Monday, December 15, 2008

Professor Bainbridge Reflects on Twenty Years of Law Teaching

On April 16, 2008, Professor Bainbridge received the UCLA School of Law's Rutter Award for Excellence in Teaching. This essay consists of a revised and extended version of the remarks he gave on that occasion. In it, he addresses his progression from frustrated Socratic teacher to happy lecturer and his aspirations for incorporating new technologies into his teaching.

One point of contention was whether to block internet access in the law school classrooms. They felt the students were distracted and multi-tasking. Professor Bainbridge made this quote about law firms embracing technology:
Law firms doubtless will resist these trends. Law firms are incredibly slow in adopting both new technologies and new approaches to human resources. Just as Chicago is trying to perpetuate the Kingsfieldian style of legal education, big law firms are trying to perpetuate the 1980s Wall Street model of lawyering. Just as Canute was unable to keep the sea from rolling in, however, these institutions will find that the tides keep coming. They’ll need to adapt or die.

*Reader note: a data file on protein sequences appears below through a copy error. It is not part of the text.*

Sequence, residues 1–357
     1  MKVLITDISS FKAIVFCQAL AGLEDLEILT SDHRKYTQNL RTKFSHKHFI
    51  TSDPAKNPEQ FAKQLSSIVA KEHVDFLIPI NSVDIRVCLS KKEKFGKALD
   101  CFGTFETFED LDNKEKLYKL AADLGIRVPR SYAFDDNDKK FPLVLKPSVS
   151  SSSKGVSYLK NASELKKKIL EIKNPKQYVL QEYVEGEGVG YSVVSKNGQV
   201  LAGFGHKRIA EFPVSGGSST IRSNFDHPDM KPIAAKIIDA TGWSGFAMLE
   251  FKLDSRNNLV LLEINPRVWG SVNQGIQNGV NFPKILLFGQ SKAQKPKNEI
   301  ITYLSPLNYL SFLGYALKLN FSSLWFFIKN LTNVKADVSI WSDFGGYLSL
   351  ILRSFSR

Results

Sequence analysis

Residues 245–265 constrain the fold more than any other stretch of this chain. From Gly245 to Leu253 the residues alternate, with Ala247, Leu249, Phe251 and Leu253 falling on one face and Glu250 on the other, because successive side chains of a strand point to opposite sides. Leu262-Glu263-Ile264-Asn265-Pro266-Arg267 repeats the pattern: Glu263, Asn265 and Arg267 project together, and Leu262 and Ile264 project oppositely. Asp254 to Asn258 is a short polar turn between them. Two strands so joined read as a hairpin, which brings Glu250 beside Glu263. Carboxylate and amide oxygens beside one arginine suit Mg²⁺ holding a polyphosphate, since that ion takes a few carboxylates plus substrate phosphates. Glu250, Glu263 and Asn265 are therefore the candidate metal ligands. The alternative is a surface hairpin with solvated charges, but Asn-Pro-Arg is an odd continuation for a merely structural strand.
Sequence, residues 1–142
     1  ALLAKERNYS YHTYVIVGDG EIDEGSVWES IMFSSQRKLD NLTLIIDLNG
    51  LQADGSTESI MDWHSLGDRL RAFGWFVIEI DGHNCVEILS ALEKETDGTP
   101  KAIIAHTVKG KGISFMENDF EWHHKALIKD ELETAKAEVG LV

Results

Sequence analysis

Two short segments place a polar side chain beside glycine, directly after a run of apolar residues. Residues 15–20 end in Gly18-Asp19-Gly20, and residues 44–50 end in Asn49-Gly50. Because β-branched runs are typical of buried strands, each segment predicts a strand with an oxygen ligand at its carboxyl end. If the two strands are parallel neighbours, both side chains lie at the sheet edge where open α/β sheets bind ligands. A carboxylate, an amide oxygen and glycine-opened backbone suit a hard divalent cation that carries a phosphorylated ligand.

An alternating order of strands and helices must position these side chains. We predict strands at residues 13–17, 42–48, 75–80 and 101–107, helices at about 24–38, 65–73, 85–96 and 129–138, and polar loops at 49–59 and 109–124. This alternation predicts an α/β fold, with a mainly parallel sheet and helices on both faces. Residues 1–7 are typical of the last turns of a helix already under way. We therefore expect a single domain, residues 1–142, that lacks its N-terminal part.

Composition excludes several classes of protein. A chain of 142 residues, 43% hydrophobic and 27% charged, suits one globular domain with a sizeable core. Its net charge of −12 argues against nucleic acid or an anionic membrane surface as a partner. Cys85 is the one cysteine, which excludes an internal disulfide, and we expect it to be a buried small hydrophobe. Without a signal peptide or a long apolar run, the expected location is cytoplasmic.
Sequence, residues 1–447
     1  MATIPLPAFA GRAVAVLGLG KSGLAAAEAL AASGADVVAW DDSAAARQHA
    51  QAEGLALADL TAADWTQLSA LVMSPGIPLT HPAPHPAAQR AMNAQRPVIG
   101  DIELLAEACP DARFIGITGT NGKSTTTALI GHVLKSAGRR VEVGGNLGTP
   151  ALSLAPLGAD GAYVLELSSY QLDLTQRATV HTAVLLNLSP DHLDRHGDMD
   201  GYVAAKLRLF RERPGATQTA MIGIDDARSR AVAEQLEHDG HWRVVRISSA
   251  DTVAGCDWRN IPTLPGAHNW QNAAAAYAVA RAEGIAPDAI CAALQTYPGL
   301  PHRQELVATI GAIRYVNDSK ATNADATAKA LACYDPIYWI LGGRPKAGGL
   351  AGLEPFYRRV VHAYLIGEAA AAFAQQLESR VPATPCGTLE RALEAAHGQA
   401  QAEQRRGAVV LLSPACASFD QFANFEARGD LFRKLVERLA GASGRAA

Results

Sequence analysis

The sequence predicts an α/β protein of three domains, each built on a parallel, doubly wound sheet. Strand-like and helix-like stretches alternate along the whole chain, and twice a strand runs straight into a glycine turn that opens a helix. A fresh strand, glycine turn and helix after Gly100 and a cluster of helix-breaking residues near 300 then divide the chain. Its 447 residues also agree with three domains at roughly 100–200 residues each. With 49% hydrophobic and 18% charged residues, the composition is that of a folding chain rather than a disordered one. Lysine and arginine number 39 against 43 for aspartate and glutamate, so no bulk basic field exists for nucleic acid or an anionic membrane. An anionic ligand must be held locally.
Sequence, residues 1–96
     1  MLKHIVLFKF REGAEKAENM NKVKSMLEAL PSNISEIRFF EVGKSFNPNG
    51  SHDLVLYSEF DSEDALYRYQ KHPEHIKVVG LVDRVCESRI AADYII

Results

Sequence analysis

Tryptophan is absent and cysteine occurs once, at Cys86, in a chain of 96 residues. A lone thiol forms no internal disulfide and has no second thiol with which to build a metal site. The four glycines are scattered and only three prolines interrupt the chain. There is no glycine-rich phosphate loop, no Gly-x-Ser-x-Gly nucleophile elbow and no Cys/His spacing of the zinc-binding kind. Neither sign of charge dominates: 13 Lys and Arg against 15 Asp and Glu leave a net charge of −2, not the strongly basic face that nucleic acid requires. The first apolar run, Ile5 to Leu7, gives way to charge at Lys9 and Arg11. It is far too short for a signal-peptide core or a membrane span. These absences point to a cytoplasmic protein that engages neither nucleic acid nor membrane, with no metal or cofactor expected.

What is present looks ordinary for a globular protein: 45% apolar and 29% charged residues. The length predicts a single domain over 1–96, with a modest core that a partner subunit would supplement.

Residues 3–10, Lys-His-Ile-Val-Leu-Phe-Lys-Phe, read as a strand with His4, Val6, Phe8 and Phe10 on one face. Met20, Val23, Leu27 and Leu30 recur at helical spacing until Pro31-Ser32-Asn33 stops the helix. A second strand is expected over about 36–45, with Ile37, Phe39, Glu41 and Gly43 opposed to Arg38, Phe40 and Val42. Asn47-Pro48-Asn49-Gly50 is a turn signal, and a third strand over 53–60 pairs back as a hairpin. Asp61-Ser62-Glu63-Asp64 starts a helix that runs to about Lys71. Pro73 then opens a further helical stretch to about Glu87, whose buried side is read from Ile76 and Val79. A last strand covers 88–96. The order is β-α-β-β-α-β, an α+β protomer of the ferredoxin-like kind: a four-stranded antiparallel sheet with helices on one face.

J. Robert Brown over at the Race to the Bottom, notes:
The most interesting insight is his view on technology in the classroom.  Luddites at Chicago have proposed that Internet access in the class room be cut off.  Some professors likewise suggested that computers be banned from the classroom.  As Bainbridge notes, the potential distraction provided by comptuers and the Internet are merely an "up-to-date version of an age-old issue."

As Bainbridge notes, its more than just a battle with technology (or even behavior).  Its a refusal to find a way to integrate technology into the classroom.  In my securities/corporate law classes, power point slides are augmented by routine use of the Internet.  In securities, it's to go to the SEC web page and examine relevant SEC filings.  Sometimes it involves a trip to the NYSE web site to look over the company's definition of independent director.  Bainbridge notes that he has experimented with the use of blogs and is considering requiring students to construct wikis.
Clearly lawyers need to do a better job embracing technology to practice law, learn their craft and deliver their services.


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